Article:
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Head of WestLB resigns; Bundesbank sees no signs of deflation; and Deutsche Börse mulls shorter trading hours.

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The London unit of WestLB has booked massive losses.

WestLB loses chairman

Jürgen Sengera, the chairman of state-backed German bank WestLB, on Monday resigned as a consequence of massive losses at its London investment banking unit. According to the Reuters news agency, Sengera was forced out after failing to secure the backing of the bank’s owners, including the German state of North Rhine-Westphalia. Germany’s financial regulator BaFin became concerned with WestLB’s finances once losses totaling €430 million ($497 million) relating to a deal with British television rental company Boxclever were discovered in April. A BaFin report highly critical of WestLB’s risk assessment and control procedures was delivered to the bank’s supervisory board on Friday. The head of WestLB’s principal finance unit, American Robin Saunders, is now expected to be fired.

Bundesbank sees no deflation danger

The Bundesbank said on Monday that Germany is currently not showing any signs of sliding into deflation. Although Europe’s largest economy has stalled in recent months, there is no indication that Germany was experiencing a Japan-style, broad-based decline in prices, according to the central bank’s monthly report. The Bundesbank said the European Central Bank had already taken precautions to protect the euro zone from the threat of deflation by cutting interest rates by half a percentage point earlier this month. "With its rate cut on June 5 the ECB created monetary conditions sufficient to allow an economic upturn," the report said The Bundesbank said recent falling prices were primarily caused by short-term factors such as exchange rate developments and dropping energy prices.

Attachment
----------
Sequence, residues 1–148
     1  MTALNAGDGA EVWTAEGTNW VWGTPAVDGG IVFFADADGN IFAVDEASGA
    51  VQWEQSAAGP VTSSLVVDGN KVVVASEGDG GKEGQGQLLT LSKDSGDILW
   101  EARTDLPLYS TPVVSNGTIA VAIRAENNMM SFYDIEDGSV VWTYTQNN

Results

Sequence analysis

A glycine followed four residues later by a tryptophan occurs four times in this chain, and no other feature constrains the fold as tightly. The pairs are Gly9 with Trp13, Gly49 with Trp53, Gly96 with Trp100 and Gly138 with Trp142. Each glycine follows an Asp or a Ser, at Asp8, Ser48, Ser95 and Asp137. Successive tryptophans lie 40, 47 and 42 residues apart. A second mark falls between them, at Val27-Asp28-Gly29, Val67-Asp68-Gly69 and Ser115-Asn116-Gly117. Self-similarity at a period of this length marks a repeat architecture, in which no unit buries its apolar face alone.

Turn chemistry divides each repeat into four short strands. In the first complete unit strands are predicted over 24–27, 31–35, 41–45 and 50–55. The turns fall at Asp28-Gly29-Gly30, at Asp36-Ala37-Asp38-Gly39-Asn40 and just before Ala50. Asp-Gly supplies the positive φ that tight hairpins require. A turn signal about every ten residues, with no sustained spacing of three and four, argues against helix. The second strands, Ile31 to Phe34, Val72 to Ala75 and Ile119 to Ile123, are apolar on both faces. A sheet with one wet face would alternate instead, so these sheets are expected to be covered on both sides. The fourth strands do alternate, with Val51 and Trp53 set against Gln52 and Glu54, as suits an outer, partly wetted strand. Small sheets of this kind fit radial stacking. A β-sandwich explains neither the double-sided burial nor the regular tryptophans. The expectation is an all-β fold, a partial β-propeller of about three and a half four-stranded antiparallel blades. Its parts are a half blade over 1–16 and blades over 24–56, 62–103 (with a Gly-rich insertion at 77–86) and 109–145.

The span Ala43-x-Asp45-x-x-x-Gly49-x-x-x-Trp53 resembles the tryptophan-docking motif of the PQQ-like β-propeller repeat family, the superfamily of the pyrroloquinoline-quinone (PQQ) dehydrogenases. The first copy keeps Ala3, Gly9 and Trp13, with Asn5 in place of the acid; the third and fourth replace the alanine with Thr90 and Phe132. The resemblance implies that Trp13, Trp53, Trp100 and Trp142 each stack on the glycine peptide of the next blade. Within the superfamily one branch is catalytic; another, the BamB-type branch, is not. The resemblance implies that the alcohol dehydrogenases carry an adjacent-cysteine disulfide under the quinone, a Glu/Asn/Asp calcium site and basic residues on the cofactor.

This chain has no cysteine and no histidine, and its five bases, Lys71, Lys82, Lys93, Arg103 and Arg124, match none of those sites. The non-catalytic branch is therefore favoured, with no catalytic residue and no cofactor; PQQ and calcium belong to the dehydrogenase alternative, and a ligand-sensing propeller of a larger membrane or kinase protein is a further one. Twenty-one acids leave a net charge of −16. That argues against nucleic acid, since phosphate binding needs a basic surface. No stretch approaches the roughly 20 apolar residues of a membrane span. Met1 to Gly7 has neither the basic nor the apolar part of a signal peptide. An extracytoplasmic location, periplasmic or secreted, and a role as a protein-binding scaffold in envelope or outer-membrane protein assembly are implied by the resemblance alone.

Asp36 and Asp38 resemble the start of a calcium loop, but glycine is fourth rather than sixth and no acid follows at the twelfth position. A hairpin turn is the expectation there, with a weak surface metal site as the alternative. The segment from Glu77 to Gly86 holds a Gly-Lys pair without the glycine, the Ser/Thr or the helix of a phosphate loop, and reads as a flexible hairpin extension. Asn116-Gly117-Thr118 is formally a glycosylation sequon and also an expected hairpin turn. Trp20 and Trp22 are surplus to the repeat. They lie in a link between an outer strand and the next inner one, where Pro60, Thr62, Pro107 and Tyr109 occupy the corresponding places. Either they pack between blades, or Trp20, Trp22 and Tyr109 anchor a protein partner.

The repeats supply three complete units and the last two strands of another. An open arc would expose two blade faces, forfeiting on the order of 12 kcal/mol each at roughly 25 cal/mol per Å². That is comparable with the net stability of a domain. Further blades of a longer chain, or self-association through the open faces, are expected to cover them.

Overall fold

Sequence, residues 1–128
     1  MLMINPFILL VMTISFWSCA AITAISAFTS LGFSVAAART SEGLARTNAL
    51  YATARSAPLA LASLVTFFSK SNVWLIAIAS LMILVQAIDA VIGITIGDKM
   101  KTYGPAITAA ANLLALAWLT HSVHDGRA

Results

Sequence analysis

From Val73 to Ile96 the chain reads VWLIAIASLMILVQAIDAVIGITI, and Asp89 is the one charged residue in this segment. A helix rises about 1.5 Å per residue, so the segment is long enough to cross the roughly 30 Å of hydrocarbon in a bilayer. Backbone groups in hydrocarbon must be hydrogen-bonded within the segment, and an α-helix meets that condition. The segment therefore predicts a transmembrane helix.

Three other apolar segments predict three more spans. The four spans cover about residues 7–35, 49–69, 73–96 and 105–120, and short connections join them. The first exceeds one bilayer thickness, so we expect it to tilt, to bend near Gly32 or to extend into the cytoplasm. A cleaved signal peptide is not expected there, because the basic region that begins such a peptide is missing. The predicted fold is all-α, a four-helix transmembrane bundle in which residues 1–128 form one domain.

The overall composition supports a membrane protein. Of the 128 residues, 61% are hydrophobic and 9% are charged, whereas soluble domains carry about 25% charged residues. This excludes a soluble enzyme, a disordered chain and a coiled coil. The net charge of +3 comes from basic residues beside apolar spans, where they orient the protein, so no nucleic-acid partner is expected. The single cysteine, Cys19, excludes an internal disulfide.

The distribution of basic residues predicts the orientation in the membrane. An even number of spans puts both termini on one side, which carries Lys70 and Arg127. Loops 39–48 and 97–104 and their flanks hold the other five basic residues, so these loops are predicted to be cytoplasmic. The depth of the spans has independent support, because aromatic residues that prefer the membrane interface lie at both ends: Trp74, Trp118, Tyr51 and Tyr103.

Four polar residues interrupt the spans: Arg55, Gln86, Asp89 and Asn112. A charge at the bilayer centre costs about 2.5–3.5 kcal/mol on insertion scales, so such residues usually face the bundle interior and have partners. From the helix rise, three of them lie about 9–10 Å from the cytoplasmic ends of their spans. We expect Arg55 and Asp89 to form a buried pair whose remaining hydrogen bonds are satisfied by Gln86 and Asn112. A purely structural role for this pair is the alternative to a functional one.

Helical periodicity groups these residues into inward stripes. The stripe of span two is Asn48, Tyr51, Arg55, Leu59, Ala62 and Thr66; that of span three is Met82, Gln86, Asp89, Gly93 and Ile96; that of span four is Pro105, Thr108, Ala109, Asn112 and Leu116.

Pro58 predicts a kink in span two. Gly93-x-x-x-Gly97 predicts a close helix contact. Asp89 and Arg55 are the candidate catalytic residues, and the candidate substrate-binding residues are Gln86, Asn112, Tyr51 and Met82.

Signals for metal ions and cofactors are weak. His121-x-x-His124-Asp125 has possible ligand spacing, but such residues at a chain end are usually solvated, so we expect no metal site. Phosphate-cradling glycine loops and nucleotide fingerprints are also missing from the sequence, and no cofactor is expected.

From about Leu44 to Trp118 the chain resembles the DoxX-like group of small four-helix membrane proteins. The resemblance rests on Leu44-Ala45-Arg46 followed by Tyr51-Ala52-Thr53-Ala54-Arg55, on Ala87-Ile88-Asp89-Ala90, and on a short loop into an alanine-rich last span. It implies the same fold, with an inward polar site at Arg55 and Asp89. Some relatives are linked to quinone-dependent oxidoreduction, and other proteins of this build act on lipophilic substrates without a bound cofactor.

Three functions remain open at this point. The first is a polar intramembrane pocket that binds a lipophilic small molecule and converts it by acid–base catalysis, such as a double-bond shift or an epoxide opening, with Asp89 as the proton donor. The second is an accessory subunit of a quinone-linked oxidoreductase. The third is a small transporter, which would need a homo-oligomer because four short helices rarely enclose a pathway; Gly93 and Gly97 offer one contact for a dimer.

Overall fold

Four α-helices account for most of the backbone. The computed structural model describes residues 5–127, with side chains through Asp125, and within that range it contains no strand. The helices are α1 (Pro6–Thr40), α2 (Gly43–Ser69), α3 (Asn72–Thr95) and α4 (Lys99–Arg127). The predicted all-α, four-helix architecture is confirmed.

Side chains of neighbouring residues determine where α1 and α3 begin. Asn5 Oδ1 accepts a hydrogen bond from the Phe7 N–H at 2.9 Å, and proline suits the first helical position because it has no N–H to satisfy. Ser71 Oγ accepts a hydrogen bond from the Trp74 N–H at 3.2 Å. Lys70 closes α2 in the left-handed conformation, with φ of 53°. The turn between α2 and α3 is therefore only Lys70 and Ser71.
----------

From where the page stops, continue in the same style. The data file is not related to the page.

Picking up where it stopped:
Deutsche Börse mulls end to late trading

Deutsche Börse is considering cutting the trading hours of the Frankfurt stock exchange amid pressure from international institutional investors. Since June 2000 the exchange has stayed open until 8 p.m., but in the past three years trading volumes after 5:30 p.m. have fallen sharply. Although private investors like the extra hours in the evening, larger institutional investors largely leave the market after 5:30 p.m. International investors are now pushing for common trading times throughout Europe. "The electronic trading system Xetra hardly has extra costs, but we naturally still have high personnel and clearing costs. It’s just not worth it anymore," a Frankfurt equities trader told the Reuters news agency. Frankfurt’s 11-hour trading day is the longest of any major stock exchange worldwide.

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  • Date 23.06.2003
  • Author Compiled by DW staff with wire reports
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  • Permalink http://p.dw.com/p/3mAO
  • Date 23.06.2003
  • Author Compiled by DW staff with wire reports
  • Print Print this page
  • Permalink http://p.dw.com/p/3mAO